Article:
The Sacred Valley Peru Travel
Sacred Valley Peru: Sacred Valley boasts with mysteries, Incan history, an uncountable number of ruins, stone terraces and the beautiful natural settings in the photogenic valley carved by Urubamba River – all of that catch travelers’ attention for decades.
What also put the Sacred Valley and Cusco on every traveler’s bucket list is the proximity to Peru’s iconic site, Machu Picchu and also nearby trailheads of some of the most beautiful hikes in the world. If you’re planning on hiking the original path to Machu Picchu, the Inca Trail or want to enjoy the spectacular views along just as beautiful Salkantay Trek, Cusco and, by extension, Sacred Valley are the best places you can base yourself before and after treks.
No matter how much time to explore Sacred Valley of the Incas you have, you can be sure that with our guide you won’t miss the best things which can be seen along 100 kilometers long stretch of the most famous Andean valley.
Tucked under the tawny skirts of formidable foothills, the beautiful Río Urubamba Valley, known as El Valle Sagrado (the Sacred Valley), is about 15km north of Cuzco as the condor flies, via a narrow road of hairpin turns. It’s worth exploring this peaceful, fetching corner of the Andes with attractive colonial towns and isolated weaving villages. Star attractions are the markets and the lofty Inca citadels of Pisac and Ollantaytambo, but it’s also packed with other Inca sites. Its myriad trekking routes are deservedly gaining in popularity. Adrenaline activities range from rafting to rock climbing.
Is Machu Picchu in the Sacred Valley?
Why is it called Sacred Valley Peru?
Sacred Valley Peru Tour
The city of Cusco is a major tourist hub for all travelers visiting Peru.
And here we encountered a problem which bothered us for the all time we spent there. It is not unknown that Peru (as the most of South American countries) have an extensive problem with corruption. But this issue is particularly glaring here, in Cusco, a city where the income from tourism yearly come up to millions of dollars, and we couldn’t stop wondering where all the money go.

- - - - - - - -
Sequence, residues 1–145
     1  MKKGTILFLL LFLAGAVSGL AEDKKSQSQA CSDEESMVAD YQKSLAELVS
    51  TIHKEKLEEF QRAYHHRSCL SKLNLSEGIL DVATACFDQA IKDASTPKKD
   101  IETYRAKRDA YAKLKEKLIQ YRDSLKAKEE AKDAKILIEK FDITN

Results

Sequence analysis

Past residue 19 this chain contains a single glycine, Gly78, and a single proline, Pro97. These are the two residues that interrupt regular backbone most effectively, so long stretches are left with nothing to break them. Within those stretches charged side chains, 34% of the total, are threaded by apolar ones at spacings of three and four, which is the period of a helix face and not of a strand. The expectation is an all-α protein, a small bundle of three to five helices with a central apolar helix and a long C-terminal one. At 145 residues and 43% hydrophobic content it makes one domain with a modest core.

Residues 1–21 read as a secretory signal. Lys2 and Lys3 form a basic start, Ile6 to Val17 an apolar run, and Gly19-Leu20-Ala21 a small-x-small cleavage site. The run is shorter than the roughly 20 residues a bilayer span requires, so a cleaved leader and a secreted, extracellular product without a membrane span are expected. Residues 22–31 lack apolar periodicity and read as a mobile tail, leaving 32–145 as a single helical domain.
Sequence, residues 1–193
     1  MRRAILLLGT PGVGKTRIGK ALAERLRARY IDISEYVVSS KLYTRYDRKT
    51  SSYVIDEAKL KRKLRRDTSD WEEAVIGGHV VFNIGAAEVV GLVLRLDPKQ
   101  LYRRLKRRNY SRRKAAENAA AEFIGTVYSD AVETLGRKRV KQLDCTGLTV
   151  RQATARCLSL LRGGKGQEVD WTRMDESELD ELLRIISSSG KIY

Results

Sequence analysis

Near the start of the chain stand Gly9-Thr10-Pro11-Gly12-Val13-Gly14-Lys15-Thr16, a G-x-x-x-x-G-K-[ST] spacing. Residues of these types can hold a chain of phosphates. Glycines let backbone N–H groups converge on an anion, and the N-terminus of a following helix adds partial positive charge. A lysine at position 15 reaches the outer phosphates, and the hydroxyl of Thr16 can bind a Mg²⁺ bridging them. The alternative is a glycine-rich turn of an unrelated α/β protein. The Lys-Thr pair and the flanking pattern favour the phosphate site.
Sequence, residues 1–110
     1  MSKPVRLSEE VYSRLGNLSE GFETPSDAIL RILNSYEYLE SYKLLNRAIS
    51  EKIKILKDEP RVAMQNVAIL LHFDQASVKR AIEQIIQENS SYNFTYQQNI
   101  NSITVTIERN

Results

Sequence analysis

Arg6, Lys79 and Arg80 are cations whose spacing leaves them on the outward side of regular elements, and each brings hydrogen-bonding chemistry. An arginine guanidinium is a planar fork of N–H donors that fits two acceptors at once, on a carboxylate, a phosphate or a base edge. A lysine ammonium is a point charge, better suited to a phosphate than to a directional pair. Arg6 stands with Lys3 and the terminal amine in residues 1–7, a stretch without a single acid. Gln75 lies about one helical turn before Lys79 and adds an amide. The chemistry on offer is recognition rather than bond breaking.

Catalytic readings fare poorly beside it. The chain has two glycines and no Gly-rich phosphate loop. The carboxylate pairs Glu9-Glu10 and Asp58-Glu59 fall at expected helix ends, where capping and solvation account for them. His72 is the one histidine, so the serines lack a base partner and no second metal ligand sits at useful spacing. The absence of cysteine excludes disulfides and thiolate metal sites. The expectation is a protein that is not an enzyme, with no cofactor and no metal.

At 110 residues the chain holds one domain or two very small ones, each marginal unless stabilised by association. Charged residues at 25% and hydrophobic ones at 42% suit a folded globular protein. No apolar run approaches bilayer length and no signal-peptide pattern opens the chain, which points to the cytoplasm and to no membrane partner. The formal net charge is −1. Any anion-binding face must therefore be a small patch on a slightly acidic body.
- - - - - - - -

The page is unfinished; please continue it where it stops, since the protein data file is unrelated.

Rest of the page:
Definitely not into the infrastructure or into the cleaning of communal areas. It is probably naive, but we feel that money (and we are not talking about an insignificant amount) from tourism should be seen somewhere and that local communities should thrive on it.
Nevetherless, when we overlook this fact and start focusing on the brighter side – the history and architecture itself, we must admit that there is something about Cusco.
The city center of Cusco is full of churches, narrow alleys, and spacious plazas. The city is in UNESCO despite the fact that many buildings from Inca’s times were destroyed by Spaniards who arrived in the 16th century and built churches and houses in European and colonial style.
An interesting fact is, that constructions which remained left from Inca’s times survived several devastating earthquakes until today, while the new ones from the Spanish times had to be rebuilt over and over again.
Not only architecturally, but also historically is Cusco an extraordinary city. It was the capital of the Inca Empire from the 13th until the 16th century – from this place the Inca ruled the vast empire and during this time Cusco also flourished – many notable constructions were built, and many legends from that time remain until today – one of those legends, for example, says that the city was planned in the shape of a puma, an Incan sacred animal.
One hundred kilometers long valley stretches from Pisac Ruins and Pisac Town (20 kilometers from Cusco) to the citadel of Machu Picchu.
At Inca’s times, the valley was not only an important area for constructing several checkpoints (nowadays ruins or archeological sites) and the main path from Cusco to Machu Picchu but thanks to friendly temperatures all year round, sustained source of water (from Urubamba river) and two distinct seasons – wet and dry – the area was (and still is) perfect for agriculture.
Incas were people skilled in plant cultivation, and when traveling in the valley, you can notice agriculture terraces which, for us, are nice to look at, but local people still use them to grow crops.
Sacred Valley is easily accessible for visitors. You can use either public transport or sign up for one or multiple day tours in Cusco.
Here’s a list of places you shouldn’t miss on your way to explore Sacred Valley.
But first things first. You surely couldn’t think that a tourist attraction of such importance would be for free.
Technically, when entering the Sacred Valley, you don’t need to pay anything – you can travel freely in a car, by bus or by train and experience the beauty of the country. But you must pay an entrance fee when visiting every single ruin in the valley and the price is pretty steep.
If you’re planning on visiting multiple sites, the best option is to buy an integral ticket. The ticket cost S/130, and it is valid for ten days and allows you to visit 16 sites (museums and ruins within Cusco and Sacred Valley).
In case you don’t have that much time or want to visit only a couple of sites, you can buy a partial ticket.
It costs S/70, but it is valid only one day.